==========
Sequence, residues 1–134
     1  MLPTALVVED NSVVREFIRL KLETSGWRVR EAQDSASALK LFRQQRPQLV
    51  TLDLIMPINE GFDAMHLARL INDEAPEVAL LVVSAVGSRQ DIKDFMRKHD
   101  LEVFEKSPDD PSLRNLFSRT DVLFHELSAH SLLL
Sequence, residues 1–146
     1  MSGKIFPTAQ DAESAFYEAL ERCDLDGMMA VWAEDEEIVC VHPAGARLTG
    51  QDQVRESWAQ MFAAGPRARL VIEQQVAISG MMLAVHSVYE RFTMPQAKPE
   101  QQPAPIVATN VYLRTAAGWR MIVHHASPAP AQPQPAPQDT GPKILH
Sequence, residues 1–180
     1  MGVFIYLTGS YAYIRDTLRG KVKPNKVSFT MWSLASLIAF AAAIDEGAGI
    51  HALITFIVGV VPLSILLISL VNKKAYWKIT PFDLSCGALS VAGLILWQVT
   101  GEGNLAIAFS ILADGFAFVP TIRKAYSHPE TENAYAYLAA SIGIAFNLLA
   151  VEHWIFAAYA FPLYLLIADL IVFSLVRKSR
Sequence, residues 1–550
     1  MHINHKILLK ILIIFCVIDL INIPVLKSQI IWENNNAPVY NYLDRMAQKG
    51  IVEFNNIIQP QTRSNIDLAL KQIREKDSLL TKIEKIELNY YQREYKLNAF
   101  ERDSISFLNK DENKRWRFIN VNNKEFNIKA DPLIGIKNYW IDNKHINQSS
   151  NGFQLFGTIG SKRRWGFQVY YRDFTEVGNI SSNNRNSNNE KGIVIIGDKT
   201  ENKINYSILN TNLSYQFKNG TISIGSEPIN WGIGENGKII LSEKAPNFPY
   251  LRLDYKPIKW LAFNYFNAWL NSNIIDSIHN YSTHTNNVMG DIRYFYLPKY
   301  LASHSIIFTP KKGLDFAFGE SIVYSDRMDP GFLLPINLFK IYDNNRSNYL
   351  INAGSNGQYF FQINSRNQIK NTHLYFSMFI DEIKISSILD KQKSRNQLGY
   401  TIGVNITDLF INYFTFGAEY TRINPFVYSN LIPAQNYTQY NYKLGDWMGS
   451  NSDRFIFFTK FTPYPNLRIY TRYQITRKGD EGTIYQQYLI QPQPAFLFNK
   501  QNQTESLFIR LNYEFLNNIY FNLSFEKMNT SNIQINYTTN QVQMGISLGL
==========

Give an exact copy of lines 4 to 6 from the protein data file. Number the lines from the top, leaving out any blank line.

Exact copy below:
   101  LEVFEKSPDD PSLRNLFSRT DVLFHELSAH SLLL
Sequence, residues 1–146
     1  MSGKIFPTAQ DAESAFYEAL ERCDLDGMMA VWAEDEEIVC VHPAGARLTG